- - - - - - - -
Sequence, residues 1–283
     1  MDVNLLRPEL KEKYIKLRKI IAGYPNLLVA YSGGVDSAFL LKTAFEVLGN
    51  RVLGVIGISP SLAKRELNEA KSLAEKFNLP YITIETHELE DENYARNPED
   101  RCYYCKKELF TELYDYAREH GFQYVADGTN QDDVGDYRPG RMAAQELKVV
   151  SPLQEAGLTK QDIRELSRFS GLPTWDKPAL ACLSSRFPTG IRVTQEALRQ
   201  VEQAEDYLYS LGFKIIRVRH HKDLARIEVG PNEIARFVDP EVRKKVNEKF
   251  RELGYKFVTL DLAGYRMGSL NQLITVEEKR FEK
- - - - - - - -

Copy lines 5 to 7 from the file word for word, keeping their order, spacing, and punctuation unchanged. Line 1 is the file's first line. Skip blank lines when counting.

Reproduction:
   151  SPLQEAGLTK QDIRELSRFS GLPTWDKPAL ACLSSRFPTG IRVTQEALRQ
   201  VEQAEDYLYS LGFKIIRVRH HKDLARIEVG PNEIARFVDP EVRKKVNEKF
   251  RELGYKFVTL DLAGYRMGSL NQLITVEEKR FEK